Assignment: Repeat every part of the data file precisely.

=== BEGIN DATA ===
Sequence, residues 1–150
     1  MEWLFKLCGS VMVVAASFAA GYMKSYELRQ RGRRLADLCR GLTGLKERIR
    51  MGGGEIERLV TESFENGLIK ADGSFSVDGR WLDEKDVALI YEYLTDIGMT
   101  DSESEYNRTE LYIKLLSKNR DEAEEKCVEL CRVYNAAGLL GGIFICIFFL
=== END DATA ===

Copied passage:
Sequence, residues 1–150
     1  MEWLFKLCGS VMVVAASFAA GYMKSYELRQ RGRRLADLCR GLTGLKERIR
    51  MGGGEIERLV TESFENGLIK ADGSFSVDGR WLDEKDVALI YEYLTDIGMT
   101  DSESEYNRTE LYIKLLSKNR DEAEEKCVEL CRVYNAAGLL GGIFICIFFL